David Byrne Misfires with Aimless ‘Joan of Arc’

Via NBC New York


Jo Lampert, center and the company of "Joan of Arc: Into the Fire," a world premiere with book, music and lyrics by David Byrne.

Written by Robert Kahn

“Joan of Arc,” now at The Public Theater, seems to start with aspirations to be another “Hamilton,” but by the end, it’s more of a missed opportunity. I had higher hopes for the world premiere rock musical by David Byrne, directed by his “Here Lies Love” collaborator Alex Timbers.

This time, the duo deliver a linear retelling of the brief life of the famous 15th century French heroine, who would eventually be sainted. Byrne’s sung-through score is occasionally anthemic, with touches of Christian rock. It’s generically upbeat and, at the same time, frequently overwrought.

The silver lining here is Jo Lampert, as the beautifully androgynous title character. Timbers has also hired a dozen men as the self-serving French and Anglo figures who impacted Joan’s life. The scruffy gaggle of them, in Clint Ramos’s leather, chain metal and vinyl-esque robes, lend a regrettably campy vibe to the affair.

But let’s back up.

“Joan of Arc” begins with a promise before the actors ever appear. On a flame-orange curtain are scrawled the words of Senate majority leader Mitch McConnell, having shut down testimony by Elizabeth Warren during the Jeff Sessions nomination hearings: “She was warned. She was given an explanation. Nevertheless, she persisted.”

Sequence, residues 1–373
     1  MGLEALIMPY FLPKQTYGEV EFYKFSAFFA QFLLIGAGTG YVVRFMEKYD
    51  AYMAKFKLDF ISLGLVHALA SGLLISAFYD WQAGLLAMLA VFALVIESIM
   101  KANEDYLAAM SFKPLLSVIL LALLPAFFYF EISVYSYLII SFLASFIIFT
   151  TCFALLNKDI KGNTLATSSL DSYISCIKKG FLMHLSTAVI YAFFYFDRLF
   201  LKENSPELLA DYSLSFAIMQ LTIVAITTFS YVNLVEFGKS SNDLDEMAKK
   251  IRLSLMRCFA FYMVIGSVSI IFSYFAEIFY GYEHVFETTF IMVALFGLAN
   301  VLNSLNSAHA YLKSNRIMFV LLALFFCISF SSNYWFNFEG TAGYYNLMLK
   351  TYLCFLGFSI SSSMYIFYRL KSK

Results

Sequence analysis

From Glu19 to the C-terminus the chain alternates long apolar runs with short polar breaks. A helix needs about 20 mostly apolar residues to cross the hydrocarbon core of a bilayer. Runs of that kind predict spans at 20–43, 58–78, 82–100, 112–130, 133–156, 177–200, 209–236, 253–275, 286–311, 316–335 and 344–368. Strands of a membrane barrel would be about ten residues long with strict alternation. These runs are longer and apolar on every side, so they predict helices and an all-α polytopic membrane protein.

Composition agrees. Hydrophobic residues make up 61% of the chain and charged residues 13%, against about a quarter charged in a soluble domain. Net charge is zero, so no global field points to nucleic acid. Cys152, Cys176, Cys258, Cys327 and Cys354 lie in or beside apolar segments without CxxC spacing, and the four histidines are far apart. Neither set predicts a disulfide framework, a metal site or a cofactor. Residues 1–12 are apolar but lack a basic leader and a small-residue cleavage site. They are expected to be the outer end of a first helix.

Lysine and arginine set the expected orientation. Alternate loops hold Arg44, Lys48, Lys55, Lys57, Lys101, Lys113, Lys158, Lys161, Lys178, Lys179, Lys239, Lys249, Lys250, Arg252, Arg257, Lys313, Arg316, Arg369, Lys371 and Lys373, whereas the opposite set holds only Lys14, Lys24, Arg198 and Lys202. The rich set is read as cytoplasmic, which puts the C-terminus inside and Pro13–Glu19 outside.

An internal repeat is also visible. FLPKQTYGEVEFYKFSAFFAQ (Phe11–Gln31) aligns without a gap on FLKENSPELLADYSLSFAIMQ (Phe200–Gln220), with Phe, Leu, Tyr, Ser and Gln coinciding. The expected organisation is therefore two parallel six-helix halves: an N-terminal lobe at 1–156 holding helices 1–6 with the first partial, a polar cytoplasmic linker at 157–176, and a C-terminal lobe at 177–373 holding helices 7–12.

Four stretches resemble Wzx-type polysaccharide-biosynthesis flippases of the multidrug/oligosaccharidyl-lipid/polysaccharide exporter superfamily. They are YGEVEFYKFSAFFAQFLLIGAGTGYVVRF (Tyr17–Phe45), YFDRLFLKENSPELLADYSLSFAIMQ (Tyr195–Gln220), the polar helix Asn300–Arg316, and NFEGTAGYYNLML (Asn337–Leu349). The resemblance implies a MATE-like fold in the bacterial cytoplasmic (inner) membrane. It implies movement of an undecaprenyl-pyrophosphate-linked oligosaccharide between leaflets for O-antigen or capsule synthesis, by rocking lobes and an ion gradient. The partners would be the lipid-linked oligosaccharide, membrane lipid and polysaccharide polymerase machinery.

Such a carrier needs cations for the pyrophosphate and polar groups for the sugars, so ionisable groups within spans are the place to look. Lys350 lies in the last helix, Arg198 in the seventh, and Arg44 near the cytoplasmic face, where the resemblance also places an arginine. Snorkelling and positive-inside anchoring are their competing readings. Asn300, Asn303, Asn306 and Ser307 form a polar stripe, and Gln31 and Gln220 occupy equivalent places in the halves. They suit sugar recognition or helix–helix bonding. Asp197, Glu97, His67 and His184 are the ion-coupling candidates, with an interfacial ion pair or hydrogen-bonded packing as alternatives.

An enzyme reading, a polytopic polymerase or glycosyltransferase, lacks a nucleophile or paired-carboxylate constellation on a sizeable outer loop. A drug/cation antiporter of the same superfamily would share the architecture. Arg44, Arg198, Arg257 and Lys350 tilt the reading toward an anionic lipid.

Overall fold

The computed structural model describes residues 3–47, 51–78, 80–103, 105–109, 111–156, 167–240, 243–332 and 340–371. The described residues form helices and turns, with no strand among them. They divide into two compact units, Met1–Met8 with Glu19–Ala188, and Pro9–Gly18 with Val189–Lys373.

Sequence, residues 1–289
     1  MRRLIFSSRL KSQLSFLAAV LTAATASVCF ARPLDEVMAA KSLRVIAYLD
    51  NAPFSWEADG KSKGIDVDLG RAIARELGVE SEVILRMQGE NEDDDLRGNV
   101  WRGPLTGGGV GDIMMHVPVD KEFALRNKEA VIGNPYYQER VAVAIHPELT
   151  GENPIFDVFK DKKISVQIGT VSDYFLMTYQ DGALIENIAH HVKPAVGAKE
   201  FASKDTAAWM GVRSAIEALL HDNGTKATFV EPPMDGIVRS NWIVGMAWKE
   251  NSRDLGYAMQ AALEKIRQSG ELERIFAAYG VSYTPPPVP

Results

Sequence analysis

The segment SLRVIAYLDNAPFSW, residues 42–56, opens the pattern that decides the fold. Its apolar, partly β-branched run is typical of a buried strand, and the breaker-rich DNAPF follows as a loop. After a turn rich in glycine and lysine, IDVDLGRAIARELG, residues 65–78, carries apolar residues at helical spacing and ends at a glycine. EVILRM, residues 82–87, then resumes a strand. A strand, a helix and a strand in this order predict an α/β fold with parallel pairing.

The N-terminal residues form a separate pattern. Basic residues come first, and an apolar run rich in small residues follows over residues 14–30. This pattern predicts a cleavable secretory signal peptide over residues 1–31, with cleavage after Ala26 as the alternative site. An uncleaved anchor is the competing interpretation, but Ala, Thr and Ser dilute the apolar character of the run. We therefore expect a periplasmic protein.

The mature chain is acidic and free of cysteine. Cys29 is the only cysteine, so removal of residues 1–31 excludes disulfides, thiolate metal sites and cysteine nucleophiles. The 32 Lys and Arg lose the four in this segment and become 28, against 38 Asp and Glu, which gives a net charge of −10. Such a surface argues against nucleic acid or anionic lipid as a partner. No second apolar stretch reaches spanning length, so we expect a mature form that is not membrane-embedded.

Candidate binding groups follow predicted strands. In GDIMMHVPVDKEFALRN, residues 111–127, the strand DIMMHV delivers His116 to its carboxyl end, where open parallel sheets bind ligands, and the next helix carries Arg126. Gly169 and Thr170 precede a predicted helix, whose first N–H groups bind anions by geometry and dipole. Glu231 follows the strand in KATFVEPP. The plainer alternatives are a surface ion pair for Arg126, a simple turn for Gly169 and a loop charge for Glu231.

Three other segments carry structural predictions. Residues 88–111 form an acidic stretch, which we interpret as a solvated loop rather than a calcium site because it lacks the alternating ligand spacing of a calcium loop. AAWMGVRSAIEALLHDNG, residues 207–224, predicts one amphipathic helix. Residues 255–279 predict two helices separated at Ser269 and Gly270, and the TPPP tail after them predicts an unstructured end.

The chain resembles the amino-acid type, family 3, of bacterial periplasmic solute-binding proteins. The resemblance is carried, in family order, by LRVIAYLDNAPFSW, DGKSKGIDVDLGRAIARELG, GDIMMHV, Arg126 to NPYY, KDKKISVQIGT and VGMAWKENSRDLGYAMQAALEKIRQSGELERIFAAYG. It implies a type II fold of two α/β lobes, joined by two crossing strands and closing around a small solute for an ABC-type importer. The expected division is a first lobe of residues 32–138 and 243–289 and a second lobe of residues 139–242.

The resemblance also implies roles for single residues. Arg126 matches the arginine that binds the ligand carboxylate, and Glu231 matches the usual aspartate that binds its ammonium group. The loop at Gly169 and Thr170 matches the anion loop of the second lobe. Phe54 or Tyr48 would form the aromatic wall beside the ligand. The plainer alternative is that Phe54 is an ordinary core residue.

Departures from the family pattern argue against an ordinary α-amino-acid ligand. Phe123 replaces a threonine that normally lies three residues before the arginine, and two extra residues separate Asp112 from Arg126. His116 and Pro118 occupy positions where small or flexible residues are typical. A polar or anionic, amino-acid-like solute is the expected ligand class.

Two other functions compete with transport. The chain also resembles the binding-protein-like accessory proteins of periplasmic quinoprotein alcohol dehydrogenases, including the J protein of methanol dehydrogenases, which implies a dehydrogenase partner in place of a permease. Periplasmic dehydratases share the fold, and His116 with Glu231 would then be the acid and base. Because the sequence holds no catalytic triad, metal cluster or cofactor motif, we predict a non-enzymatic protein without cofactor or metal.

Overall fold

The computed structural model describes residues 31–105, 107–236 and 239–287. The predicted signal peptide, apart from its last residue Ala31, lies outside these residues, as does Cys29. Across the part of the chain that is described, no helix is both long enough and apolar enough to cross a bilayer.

Makes you think you’re heading in one obvious direction, right? Well, you’re not.

Given the overtly political statement, I hoped that Byrne and Timbers were poised to construct a parallel between current events in America, and what happened to Joan, who tried to keep her loyalties to France, but was knocked down by the patriarchy of her time.

This seems like the right era for a musical about an independent woman asserting her place in the universe, never mind one who has inspired modern pop culture figures from Madonna to Arcade Fire. But this Joan isn’t the leader of women and men—she’s simply a leader among men, who are going to devour her.

There isn’t ever enough connective tissue between Byrne’s songs to make us care about the girl. There is no clear hero in the muddled antics of the French and the English, who cornily spin the poor teenager around like a pinwheel, trying to determine whether she is still “intact,” because only a virgin could claim to be god’s messenger.

That may hew toward the historically accurate, but in a production that establishes its tone off a controversial quote from a United States senator, the focus on men doesn’t wash. Joan is frequently asked by her tormentors: “Are you a boy? … Is it a girl?” I’m not sure that counts as the feminist bent I’d been counting on.

The messages repeated in Byrne’s lyrics are “Have faith. Be strong,” but they could just as well have replaced Joan with Gavroche, from “Les Miserables,” and accomplished the same thing.

Ramos’s costumes are interesting, especially the chain mail items designed for Lampert. His men, notably the duplicitous dauphin (Kyle Selig) and untrustworthy Bishop Cauchon (a bland Sean Allan Krill), too often look like conceptually attired extras from the cast of HBO’s “The Young Pope.”

In the end, what does it take to refocus “Joan of Arc”? An appearance by the only other woman in the cast, Mare Winningham, as Joan’s mother, who arrives in the final moments, 24 years after Joan’s death, delivering a touching plea for mercy for her child.

Why do we care about France or England, nations whose versions of “right” and “wrong” were so relative in this epoch? Why do we care that Joan claims to be doing God's work? Maybe these questions can be answered as “Joan of Arc” evolves, but for now, we just don’t have enough invested in her well-being to care.

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